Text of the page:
Silicon Valley Watcher - Former FT journalist Tom Foremski reporting from the intersection of technology and media

PR Watch: The Disruption Of The PR Industry And Why Everyone Has Become A Consultant

Posted by Tom Foremski - March 9, 2009

Silicon Valley companies of all sizes are cutting staff and things are getting worse and this is trend is also hitting the PR community. It almost seems as if everyone has suddenly become a "consultant" at the same time.

In some cases, the "consultants" have been rehired by the companies they used to work for, at a higher hourly rate but with fewer hours per week.

Not everyone is happy with this prospect but it has some benefits. "I was pissed off about it at first, but now I'm coming around to it. It makes it possible for me to make more money and work fewer hours if I can get additional clients," said a former manager at a local PR company.

The PR industry in Silicon Valley appears to be converting to "consultants" en masse. The benefits to PR firms are that they save on payroll and other costs. However, the risk is that PR firms could lose their remaining clients to an army of very competent PR consultants offering services at sharply lower costs compared with PR firms and their higher costs of doing business.

The bad economy is not the only issue affecting the PR industry, there is another trend at work, one that is not a cyclical business cycle.

"No PR firm will be able to justify a monthly retainer of $30,000 just to do media relations and put out a few press releases. The old way of doing PR just doesn't cut it anymore. Even when the economy comes back, the old way of doing PR won't," said a senior person at a large West Coast PR firm.

Foremski's Take:

Wily E CoyoteFor the past several years I've been warning the PR industry that they days of old school PR are numbered, that there has been a fundamental change in the industry. The same technologies and trends that have disrupted the media industry will disrupt the PR industry.

But this fundamental change in the industry was hidden in large part by a good economy -- clients were willing to pay for the old school PR such as the $30K a month retainers, and also pay extra for the new rules PR based on the new media services and technologies available through social media and a plethora of communications channels.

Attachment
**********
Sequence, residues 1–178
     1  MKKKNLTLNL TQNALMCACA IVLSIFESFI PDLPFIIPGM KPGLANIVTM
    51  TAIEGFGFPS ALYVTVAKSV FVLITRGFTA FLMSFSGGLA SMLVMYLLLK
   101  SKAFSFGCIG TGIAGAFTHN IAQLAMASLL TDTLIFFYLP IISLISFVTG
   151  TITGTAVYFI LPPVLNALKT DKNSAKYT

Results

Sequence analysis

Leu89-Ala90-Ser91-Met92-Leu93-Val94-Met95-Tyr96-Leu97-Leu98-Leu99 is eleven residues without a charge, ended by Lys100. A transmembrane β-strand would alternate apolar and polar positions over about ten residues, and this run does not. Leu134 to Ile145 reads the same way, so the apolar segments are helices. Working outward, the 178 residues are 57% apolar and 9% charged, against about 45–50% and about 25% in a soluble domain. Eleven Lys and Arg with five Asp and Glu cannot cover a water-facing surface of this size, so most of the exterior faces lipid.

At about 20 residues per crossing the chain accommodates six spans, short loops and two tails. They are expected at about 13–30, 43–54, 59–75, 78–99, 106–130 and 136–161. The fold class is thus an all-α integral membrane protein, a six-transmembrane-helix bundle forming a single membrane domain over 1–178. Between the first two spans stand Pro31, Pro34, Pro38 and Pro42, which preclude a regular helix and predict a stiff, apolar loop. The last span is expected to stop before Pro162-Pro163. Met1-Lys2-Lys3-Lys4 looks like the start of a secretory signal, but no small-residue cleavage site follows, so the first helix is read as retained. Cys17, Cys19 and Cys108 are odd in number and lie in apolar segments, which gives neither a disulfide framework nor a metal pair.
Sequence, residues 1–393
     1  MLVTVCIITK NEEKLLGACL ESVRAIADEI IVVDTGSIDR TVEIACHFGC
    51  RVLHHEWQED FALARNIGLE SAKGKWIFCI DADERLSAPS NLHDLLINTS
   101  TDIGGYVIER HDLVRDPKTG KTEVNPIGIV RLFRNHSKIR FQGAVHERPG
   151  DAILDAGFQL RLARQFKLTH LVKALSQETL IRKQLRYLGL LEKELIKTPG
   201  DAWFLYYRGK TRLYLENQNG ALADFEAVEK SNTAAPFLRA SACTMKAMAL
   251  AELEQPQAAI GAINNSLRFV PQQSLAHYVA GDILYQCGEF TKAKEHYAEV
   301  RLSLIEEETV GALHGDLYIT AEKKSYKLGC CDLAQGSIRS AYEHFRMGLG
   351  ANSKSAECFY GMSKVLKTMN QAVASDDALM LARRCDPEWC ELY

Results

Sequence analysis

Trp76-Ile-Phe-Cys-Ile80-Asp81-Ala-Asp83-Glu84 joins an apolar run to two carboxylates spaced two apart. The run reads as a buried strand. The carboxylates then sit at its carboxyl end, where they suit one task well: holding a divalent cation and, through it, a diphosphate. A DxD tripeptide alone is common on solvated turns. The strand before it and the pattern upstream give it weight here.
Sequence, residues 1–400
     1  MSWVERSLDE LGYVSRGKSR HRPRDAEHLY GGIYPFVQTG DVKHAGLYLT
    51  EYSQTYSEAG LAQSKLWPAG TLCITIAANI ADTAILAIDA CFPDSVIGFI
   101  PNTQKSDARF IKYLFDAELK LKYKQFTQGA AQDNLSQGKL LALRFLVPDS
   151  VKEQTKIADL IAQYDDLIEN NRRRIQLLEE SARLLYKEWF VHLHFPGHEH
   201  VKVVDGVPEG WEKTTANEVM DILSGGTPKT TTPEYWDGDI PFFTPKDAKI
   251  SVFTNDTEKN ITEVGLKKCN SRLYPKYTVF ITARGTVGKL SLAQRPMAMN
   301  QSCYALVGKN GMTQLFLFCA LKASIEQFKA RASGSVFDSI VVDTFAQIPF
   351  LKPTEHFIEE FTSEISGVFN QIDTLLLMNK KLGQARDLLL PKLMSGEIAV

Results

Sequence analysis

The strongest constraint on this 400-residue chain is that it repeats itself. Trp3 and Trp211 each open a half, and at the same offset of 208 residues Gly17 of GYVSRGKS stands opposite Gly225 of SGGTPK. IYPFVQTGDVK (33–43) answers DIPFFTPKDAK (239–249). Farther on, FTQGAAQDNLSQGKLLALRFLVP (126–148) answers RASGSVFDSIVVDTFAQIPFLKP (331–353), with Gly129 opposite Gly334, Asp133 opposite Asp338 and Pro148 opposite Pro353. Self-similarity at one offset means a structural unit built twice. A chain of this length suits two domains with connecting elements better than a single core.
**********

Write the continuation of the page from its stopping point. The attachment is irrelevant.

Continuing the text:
Many people in the PR industry disagreed with me and said that PR companies will be able to transition to the new models without much trouble because they can see the change and would be able to incorporate it into their business model.

I disagreed with that view because of the disruptive nature of media/communications technologies now available. And the chief characteristic of a disruptive technology is that it disrupts. Even if you can clearly see the changes in your industry you won't be able to change fast enough. For example, newspapers see the changes in their industry but can't change fast enough. Same was true for computer companies reacting to the PC. The same is now true for the PR industry.

I always said that the PR industry will only change when it feels the pain of the loss of its old way of making money. No pain no change. These days there is a lot of pain.

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Please see:

October 2007 Wily E Coyote: Traditional PR is Running on Thin Air

March 2006  Microsoft's ROI on Robert Scoble - the disruption of PR by blogging

January 2006 Disruption in mainstream media but where is the disruption in the mainstream PR industry?

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